Facebook photo privacy question

it’s that time of year again: everyone posting their totally meaningless “i hereby declare facebook is not allowed to use my stuff” copy-and-past letters that mean utterly nothing.

i understand facebook has unilateral rights to use your images–and even sell them–as per their user agreement:

my question is about the bolded portion:
if you change your privacy settings to “friends only” for all your content, does that mean facebook cannot publicly use (or sell) your images?

furthermore, how does this work, legally? facebook says YOU retain copyright to your intellectual property, but THEY have explicit permission to use it as they want as long as it’s on their IP. I have an artist friend who keeps finding his paintings on various facebook games and applications (and sometimes off-site). they are taking and selling his paintings, as per the quote above, and third-parties are altering the images for their advertisements. both facebook AND the third-party are using this artist’s work to generate profit, but he has not made a dime.
if he is the true copyright holder, how is this legal?

and again, will changing your privacy settings off “public” limit facebook’s ability to do such things?

i found this link.

in it, facebook says in non-ambiguous terms YOU own what you post and they cannot use it without permission.
again, dubious–as the terms of use explicitly announce you PERMIT use.


ok i think i have answered this satisfactorily. if i understand all this correctly, facebook can really only use stuff you have set as “public.” their IP license is both limited by privacy settings and account/content deletion (which in both cases is nearly impossible to control–they can archive content so it is hosted to their IP in perpetuity, plus any proliferation of “shares” make it intractable by the original owner).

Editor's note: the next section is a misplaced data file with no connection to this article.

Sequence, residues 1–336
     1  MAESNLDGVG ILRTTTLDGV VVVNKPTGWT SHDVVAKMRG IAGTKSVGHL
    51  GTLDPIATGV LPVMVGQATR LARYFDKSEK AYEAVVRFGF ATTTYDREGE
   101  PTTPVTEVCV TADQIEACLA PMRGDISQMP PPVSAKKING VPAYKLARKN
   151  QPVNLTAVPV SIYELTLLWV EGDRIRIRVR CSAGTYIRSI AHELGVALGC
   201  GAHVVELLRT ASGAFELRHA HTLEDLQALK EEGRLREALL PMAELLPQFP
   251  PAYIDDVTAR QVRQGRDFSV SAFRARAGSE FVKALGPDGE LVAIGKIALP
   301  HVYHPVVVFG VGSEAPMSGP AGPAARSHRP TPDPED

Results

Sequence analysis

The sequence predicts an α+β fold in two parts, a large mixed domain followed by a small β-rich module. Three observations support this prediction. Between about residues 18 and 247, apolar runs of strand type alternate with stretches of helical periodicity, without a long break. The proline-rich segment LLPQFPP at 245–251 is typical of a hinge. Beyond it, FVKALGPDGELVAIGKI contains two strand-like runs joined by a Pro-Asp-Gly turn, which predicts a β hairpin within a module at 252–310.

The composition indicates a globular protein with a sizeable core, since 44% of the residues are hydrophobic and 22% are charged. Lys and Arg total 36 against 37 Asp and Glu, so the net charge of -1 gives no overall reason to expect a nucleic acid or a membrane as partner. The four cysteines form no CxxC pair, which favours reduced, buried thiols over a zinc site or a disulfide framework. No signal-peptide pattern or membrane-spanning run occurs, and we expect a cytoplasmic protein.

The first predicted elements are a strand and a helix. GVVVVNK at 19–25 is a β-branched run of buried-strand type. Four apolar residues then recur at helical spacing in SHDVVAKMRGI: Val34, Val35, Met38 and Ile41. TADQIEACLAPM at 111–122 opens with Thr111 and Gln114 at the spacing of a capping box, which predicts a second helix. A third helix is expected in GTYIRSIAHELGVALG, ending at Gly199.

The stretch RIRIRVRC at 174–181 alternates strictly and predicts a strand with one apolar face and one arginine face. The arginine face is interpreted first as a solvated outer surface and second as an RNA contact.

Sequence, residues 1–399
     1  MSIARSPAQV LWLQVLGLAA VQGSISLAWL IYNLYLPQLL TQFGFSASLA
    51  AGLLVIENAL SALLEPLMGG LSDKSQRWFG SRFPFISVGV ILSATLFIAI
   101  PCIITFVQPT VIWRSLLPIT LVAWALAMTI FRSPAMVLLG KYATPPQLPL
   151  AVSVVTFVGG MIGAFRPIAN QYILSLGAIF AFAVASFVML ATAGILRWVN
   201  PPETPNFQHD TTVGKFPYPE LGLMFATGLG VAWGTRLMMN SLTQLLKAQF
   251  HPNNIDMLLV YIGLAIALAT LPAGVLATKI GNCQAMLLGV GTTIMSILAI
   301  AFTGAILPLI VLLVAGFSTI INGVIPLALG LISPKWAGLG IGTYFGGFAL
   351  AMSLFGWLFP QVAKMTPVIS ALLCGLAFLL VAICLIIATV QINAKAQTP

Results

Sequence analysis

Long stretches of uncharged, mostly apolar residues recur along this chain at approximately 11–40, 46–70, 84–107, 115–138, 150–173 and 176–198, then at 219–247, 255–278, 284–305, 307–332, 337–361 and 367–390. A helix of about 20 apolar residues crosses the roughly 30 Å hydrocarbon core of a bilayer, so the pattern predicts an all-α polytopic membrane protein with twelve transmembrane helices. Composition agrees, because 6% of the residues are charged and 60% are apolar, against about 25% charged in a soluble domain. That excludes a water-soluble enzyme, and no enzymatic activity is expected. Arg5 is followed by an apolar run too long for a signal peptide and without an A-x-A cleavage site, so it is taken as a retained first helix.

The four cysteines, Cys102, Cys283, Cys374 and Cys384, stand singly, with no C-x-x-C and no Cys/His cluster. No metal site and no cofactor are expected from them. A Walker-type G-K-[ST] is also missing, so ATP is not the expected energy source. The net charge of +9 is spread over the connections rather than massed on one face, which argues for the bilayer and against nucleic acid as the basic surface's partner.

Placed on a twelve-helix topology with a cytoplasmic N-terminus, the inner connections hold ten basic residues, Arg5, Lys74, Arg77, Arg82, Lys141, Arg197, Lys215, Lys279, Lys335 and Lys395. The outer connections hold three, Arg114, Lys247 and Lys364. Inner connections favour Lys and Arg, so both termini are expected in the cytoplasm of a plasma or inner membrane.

it seems the solution would be to set your privacy for content to “friends only.”

if anyone else has input or if i am reading this incorrectly, let me know.

To anyone who is an aspiring or actual professional artists, writer, photographer, painter, illustrator, (creator of stuff which can be posted on Facebook rather than sold…), if you’re posting it on Facebook rather than selling it, you’re doing it wrong.

it’s a catch 22. facebook is THE most useful networking tool maybe in the history of all time. by keeping an online portfolio there, you will reach thousands of more people. however, ^^all the junk from above. so it’s a conundrum.

the artist i know who has found his work used in ads elsewhere–
now that i am digging into this, it appears he has all his general settings to “public.” so people are poaching his work and using it as they want…it may have nothing to do with facebook allowing it or not (as per my last link). *HE *is for sure doing it wrong.

at any rate, it would seem if you don’t want your stuff lost in the aethers of the 'net, be careful where and how you show it online.

I attended a talk by a somewhat well-known fantasy artist a while ago. Several of her pictures are incredibly famous and found everywhere, even if most people have no idea who she is.

She mentioned that she constantly found her work being ripped off and added to all sorts of products for sale in the USA. Seriously, if the most copyright-controlled country in the world has a problem stopping illegal appropriation in manufactured goods inside its borders, what do you really expect to happen online when anyone can grab anything?

(Analog magazine many years ago printed the chapter about engineers from Scott Adams’ book - someone had copied the text onto the inernet, without attribution, then it was taken and submitted to Analog for one of their columns. So sometimes misuse is unintentional and second-hand - once something is floating around on the internet, figuring out who originally owns it is always a challenge… If you don’t want it out there, only publish with solid watermarks - assuming that would stop people too. )